US 6755816 B2 Resumen A method of turning a medical device, having a magnetically responsive element associated with its distal end, at an operating point within an operating region inside a patient's body from an initial direction to a desired final direction, through the movement of at least one external source magnet. The at least one external source magnet is moved in such a way as to change the direction of the distal end of the magnetic medical device from the initial direction to the desired final direction without substantial deviation from the plane containing the initial direction and the desired final direction.
Reclamaciones(27) 1. A method of turning a magnet element at an operating point inside 2 patients body from an initial direction to a desired final direction by moving a source magnet outside 2 patients body, the method comprising the steps of:
determining a series of movements of the source magnet to turn the magnetic element to successively align with a series of target directions including at least one intermediate direction between the initial direction and the desired final direction, such that the direction of the magnetic element during each movement of the source magnet in the series does not deviate from the plane of the initial direction and the desired final direction by more than a predetermined amount; and
implementing the determined movements of the source magnet in series to turn the magnetic element from the initial direction to the final direction through the at least one intermediate direction.
2. The method according to
(a) selecting an initial series of target directions;
(b) determining the magnet movements needed to apply a magnetic field to turn the magnetic element to the target directions from their respective prior directions, and testing whether such movement causes the direction of the magnetic element to deviate from the plane of the initial direction and the final desired direction by more than a predetermined amount, and if so, selecting new and/or additional intermediate directions for the series of target directions;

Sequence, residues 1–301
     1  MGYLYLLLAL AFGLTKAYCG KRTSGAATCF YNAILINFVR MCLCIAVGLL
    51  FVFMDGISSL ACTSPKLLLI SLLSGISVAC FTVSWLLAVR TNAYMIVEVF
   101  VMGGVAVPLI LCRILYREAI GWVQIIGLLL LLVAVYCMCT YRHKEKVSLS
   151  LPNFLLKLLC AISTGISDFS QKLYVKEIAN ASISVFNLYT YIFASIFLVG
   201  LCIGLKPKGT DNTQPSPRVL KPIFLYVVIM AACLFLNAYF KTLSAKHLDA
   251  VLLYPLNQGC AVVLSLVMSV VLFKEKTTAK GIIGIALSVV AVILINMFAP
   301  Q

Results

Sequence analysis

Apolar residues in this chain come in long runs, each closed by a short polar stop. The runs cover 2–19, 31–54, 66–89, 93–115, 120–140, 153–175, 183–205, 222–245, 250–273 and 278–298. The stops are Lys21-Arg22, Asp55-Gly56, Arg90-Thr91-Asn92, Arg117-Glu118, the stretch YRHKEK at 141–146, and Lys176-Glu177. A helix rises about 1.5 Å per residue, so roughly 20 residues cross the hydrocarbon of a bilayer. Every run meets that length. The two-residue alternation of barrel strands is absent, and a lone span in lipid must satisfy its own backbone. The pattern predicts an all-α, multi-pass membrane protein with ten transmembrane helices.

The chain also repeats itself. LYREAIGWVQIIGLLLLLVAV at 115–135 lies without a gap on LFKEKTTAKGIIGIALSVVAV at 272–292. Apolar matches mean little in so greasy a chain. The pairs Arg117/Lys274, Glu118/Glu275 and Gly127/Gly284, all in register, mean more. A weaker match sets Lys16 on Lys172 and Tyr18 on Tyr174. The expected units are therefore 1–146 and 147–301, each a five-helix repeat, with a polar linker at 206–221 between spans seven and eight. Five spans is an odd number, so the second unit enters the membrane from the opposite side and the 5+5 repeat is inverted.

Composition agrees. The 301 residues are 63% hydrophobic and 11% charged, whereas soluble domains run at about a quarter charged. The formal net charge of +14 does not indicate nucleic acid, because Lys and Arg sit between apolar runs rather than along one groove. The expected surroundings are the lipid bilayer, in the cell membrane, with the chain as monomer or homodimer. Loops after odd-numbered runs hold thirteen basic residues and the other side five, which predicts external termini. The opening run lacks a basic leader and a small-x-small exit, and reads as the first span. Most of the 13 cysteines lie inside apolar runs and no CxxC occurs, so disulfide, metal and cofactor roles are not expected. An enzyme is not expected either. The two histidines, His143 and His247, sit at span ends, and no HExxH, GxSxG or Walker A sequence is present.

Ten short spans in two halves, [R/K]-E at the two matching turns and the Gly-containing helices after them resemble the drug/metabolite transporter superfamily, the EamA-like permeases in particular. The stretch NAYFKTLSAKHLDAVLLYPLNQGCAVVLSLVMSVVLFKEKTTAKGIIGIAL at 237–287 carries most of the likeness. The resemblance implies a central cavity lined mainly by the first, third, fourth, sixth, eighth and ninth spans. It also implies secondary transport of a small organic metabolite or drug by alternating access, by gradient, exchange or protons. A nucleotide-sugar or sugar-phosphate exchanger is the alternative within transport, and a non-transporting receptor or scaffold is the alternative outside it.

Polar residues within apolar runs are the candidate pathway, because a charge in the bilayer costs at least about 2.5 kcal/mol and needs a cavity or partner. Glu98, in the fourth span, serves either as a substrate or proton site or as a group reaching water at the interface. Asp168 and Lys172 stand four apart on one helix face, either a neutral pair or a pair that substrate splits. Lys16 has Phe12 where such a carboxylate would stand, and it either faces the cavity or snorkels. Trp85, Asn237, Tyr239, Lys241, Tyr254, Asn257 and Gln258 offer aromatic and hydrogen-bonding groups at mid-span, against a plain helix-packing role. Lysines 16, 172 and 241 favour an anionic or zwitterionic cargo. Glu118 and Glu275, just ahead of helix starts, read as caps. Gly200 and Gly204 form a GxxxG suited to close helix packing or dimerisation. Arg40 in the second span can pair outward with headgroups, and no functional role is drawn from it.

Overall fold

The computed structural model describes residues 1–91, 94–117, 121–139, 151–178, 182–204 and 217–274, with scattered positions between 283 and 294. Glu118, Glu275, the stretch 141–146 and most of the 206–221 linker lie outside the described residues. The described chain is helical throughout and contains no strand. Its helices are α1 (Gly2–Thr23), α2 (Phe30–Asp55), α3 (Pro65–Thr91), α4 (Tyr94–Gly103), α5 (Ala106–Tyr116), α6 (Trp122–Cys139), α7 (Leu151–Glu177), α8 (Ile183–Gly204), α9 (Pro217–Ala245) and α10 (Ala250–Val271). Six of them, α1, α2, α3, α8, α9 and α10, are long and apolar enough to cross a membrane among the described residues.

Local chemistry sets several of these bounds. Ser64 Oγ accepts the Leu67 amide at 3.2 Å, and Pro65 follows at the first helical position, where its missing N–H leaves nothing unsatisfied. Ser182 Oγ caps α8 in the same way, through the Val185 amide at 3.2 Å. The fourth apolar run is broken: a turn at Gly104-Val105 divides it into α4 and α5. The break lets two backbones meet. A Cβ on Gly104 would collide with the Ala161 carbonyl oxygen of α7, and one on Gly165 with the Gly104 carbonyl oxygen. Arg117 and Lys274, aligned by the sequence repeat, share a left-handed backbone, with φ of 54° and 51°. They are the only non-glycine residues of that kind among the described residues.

(c) repeating step (b) until series of target directions and corresponding magnet movements have been determined that do not cause the direction of the magnetic element to deviate from the plane of the initial target direction by more than a predetermined amount.
3. A method of turning a magnet element at an operating point inside a patient's body from an initial direction to a desired final direction by moving a source magnet outside the body, the method comprising the steps of:
(a) providing means for determining and maintaining during a procedure the location and orientation of the magnet element relative to the location and orientation of the external source magnet;
(b) choosing desired field vectors in the patient frame as a series of angularly spaced vectors which lie in the plane of the initial and final vectors and entering them in a processor;
(c) entering the position and direction of the vectors into a processor by a means of specifying and displaying the field and communicating with the processor;
(d) calculating field directions at the operating point in the reference frame of the patient by translating the desired vectors into the reference frame of the magnet;
(e) transforming each one of the sequence of vectors into the reference frame of the source magnet;
(f) calculating a surface of constant field strength of desired value in the magnet frame;
(g) locating each of the field vectors on the appropriate latitude of the surface of constant field strength corresponding to the correct transformed direction of the field vector;
(h) for each pair of sequential vectors of the total set, calculating the minimum motion of the source magnet required to change the field direction, taking advantage of the azimuthal symmetry of the magnet field; and
(i) executing the desired step turns by articulating the source magnet.